Saudi-led coalition strikes kill 109 civilians in Yemen in past 10 days, UN says

COMPILED FROM WIRE SERVICES
ISTANBUL
Published 28.12.2017 15:29
Updated 28.12.2017 15:33
Yemenis inspect damage at the site of a reported Saudi-led coalition air strike, in the northwestern Houthi-held city of Saada, Yemen, Dec. 20, 2017. (AFP Photo)
Yemenis inspect damage at the site of a reported Saudi-led coalition air strike, in the northwestern Houthi-held city of Saada, Yemen, Dec. 20, 2017. (AFP Photo)

The Saudi-led coalition fighting in Yemen has killed 109 civilians in air strikes in the past 10 days, including 54 at a crowded market and 14 members of one family in a farm, the top U.N. official in the country said Thursday.

U.N. resident coordinator Jamie McGoldrick called the fighting futile and absurd, an unusually direct criticism of the war in which the coalition, backed by the United States, Britain and others, is fighting the Iran-allied Houthi armed movement.

Citing initial reports from the U.N. human rights office, a statement by McGoldrick said air strikes hit a crowded market in Al Hayma sub-district of Attazziah in Taiz governorate on Tuesday, killing 54 and injuring 32.

Eight of the dead and six of the injured were children, according to the reports.

On the same day an air strike on a farm in Attohayta district of Hodeidah governorate killed 14, and air strikes elsewhere killed a further 41 civilians and injured 43 over the past 10 days.

"These incidents prove the complete disregard for human life that all parties, including the Saudi-led Coalition, continue to show in this absurd war that has only resulted in the destruction of the country and the incommensurate suffering of its people, who are being punished as part of a futile military campaign by both sides," McGoldrick said.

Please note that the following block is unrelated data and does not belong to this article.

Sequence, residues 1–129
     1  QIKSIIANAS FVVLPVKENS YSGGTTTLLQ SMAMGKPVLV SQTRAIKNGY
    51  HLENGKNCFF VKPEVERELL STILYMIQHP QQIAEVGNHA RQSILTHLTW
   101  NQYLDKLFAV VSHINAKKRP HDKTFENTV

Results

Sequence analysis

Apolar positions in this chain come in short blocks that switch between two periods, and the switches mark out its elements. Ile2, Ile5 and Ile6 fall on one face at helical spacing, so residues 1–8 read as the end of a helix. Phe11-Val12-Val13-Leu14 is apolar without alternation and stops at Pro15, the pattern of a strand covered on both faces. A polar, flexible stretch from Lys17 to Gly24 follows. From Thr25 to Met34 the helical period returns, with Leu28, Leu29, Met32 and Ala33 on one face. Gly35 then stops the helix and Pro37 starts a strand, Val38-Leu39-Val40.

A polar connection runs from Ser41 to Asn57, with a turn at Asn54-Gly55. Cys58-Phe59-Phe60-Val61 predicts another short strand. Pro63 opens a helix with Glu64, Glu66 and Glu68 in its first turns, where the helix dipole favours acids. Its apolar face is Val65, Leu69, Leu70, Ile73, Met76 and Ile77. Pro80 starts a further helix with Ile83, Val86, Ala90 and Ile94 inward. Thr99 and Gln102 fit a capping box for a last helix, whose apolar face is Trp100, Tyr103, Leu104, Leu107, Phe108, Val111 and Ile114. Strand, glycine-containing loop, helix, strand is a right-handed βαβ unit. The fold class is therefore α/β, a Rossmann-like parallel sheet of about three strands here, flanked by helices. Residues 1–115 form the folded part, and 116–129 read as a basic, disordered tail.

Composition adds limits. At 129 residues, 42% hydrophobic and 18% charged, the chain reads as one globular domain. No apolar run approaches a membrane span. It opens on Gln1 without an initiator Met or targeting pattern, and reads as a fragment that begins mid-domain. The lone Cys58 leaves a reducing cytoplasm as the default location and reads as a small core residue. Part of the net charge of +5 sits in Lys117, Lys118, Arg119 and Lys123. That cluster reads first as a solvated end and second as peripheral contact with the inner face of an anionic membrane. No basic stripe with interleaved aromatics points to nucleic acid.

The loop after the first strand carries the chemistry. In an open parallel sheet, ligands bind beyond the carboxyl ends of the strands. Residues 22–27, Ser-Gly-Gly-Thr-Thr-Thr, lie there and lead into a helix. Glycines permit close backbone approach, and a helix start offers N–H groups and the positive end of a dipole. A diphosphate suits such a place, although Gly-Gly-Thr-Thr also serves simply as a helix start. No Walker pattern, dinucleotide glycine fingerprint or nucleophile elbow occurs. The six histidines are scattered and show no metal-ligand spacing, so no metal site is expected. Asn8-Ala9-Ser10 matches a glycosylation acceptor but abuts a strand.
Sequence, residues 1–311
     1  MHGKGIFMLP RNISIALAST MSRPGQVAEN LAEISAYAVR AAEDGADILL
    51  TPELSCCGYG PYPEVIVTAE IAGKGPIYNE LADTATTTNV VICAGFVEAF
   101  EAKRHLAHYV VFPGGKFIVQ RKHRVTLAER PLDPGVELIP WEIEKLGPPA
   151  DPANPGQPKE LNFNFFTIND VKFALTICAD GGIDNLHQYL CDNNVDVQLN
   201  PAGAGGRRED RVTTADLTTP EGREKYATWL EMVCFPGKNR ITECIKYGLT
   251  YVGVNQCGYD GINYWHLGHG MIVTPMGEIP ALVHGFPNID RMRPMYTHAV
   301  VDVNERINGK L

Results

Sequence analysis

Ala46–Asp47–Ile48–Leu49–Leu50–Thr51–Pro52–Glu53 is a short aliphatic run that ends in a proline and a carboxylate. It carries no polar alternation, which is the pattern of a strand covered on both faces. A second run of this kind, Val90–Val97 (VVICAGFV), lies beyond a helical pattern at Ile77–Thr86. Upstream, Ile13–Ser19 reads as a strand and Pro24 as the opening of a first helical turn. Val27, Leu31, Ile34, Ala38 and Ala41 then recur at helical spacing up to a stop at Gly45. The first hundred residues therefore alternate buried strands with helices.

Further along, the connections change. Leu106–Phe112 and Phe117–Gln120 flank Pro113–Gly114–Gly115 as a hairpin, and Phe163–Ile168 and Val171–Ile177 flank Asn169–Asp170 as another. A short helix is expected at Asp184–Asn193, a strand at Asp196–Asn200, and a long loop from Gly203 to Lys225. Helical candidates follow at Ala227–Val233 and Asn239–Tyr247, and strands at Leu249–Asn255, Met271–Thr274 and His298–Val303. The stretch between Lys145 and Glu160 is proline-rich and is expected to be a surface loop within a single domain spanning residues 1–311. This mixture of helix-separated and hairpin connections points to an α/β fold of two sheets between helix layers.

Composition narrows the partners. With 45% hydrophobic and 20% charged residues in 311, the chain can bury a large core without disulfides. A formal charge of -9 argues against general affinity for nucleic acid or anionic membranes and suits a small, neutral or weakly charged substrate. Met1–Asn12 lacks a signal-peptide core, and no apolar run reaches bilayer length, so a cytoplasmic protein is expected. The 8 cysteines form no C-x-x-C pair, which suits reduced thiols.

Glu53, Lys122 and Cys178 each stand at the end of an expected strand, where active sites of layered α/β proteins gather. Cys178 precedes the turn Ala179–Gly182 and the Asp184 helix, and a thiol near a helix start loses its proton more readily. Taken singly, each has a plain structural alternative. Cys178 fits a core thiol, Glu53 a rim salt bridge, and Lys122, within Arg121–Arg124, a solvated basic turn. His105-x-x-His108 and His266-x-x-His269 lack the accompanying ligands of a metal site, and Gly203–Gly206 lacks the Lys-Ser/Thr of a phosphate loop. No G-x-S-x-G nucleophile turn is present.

Under international law, the warring sides must spare civilians and civilian infrastructure, he added.

Yemen, one of the Arab world's poorest countries, has been locked in a devastating power struggle between the Saudi-backed government and the Houthis.

The conflict intensified in March 2015, when the Houthis advanced on the government's temporary capital of Aden, prompting Saudi Arabia and allies to start an air campaign against the group.

Saudi Arabia fears that the rebels will give its regional rival, Iran, a strategic foothold on the Arabian Peninsula.

The U.N. has no up-to-date estimate of the death toll in Yemen, having said in August 2016 that according to medical centers at least 10,000 people had been killed.

The U.N. says Yemen is the world's worst humanitarian crisis, with about 8 million people on the brink of famine, a cholera epidemic that has infected 1 million people, and economic collapse.

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